A class act indeed. Yet, in a playing career that lasted for two decades and saw him make nearly 700 league appearances, he still only played for England ten times.
Yet it’s still ten times more than Paddon managed. When he was at his pomp with Norwich, scoring hat-tricks at Highbury and generally beguiling anyone who saw him play, the England midfield was regularly stuffed to overflowing with space fillers like Peter Storey, or, when Paddon was with West Ham, the likes of Brian Greenhoff, Tony Towers and Paul Madeley.
Paddon, a notable and very visible member of a West Ham team that won an FA Cup and the European Cup Winners Cup, didn’t get a sniff of an England cap and, I suspect, headed off back to Norwich with that as the one overriding disappointment in his professional life.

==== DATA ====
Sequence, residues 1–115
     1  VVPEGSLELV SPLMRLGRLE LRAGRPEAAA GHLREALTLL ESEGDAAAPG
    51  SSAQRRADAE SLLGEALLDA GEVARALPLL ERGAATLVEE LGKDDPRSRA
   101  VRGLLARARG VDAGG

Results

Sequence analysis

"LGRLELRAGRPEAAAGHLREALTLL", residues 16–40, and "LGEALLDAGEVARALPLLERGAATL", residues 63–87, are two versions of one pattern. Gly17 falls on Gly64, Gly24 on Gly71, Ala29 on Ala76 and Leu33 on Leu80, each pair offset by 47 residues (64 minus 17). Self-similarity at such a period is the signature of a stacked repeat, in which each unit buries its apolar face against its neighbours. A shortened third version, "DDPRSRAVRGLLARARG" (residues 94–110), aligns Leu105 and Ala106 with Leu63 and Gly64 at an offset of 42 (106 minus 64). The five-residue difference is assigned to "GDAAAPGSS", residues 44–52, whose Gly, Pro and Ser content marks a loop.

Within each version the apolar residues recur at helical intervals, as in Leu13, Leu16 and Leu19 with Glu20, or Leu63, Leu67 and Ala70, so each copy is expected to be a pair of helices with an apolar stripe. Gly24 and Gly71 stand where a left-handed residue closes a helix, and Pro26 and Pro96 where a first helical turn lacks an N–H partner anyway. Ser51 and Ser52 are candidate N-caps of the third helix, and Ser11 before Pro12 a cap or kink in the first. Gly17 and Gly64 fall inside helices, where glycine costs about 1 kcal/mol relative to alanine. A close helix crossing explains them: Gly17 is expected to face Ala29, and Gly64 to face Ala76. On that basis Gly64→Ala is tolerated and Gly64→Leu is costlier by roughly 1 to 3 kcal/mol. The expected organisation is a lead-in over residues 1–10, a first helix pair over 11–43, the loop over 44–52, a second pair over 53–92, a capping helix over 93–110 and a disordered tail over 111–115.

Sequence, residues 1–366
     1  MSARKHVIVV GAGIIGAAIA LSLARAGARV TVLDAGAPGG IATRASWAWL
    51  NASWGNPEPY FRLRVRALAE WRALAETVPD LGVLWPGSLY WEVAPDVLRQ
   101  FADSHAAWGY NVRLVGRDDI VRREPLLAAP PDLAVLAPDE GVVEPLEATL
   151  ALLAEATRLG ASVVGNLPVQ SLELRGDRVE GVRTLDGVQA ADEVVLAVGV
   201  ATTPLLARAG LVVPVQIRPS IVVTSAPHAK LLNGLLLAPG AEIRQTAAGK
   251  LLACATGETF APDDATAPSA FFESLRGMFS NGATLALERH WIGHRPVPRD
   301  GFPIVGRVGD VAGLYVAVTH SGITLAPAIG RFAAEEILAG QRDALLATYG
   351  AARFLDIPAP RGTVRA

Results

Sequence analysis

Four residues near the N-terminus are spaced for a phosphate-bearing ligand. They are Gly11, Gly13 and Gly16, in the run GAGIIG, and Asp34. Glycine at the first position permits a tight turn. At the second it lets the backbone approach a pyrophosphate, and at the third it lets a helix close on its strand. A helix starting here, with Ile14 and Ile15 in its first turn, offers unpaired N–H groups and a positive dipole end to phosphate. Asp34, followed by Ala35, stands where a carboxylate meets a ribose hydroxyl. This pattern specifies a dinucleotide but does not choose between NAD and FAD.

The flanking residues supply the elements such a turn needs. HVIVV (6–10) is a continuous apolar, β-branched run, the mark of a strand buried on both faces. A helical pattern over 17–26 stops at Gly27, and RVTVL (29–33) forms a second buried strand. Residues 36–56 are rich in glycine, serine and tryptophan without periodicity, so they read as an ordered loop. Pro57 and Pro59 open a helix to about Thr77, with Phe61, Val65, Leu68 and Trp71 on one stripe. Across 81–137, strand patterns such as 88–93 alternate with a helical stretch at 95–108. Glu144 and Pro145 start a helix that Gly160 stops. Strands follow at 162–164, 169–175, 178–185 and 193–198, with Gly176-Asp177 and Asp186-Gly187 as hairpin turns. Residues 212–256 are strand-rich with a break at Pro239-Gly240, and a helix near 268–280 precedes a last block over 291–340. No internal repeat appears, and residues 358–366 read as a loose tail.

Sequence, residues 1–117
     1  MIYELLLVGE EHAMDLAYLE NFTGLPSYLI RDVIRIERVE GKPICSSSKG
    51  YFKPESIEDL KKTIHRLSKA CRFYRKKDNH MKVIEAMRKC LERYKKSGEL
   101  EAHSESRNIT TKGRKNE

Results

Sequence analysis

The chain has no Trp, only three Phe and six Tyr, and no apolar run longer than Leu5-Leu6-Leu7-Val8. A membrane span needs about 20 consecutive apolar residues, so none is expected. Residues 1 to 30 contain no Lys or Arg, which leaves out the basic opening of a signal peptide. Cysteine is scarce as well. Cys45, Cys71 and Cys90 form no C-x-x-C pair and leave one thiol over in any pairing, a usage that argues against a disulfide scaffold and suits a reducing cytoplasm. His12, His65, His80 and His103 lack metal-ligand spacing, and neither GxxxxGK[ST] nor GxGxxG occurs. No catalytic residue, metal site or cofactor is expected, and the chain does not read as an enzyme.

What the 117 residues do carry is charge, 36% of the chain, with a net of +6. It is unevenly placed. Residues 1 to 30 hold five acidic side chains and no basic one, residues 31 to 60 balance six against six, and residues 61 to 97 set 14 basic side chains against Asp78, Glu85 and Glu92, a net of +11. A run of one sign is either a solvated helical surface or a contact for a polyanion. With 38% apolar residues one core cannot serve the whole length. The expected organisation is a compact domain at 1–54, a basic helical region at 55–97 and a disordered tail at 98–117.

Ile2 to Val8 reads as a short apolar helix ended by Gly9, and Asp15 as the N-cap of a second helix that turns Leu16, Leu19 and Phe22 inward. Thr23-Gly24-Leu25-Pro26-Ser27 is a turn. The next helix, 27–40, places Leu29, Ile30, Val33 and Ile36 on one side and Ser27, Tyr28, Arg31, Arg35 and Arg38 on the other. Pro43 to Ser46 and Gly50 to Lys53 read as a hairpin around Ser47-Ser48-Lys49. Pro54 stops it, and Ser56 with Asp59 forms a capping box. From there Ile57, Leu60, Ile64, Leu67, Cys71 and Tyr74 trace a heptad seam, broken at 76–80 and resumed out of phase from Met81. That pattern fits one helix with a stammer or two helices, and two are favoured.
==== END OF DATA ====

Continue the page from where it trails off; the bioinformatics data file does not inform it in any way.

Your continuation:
Still, for a footballing nation that gave Carlton Palmer more caps than Matt Le Tissier, what would you expect?
Flair players were, and still are, it would seem, treated with scepticism and suspicion. And they’re easy targets, high profile individuals who stand out even if they’re having a quiet or ineffective game – indeed, paradoxically, it seems to make them stand out more.
And that is what seems to be happening in the case of Nathan Redmond.
He is, as those that have gone before him, a player who merits his selection on what he can do and the threat that he does offer. He’s a wildcard, a joker in the pack, someone you hope might just turn it on and, in doing so, turn a game.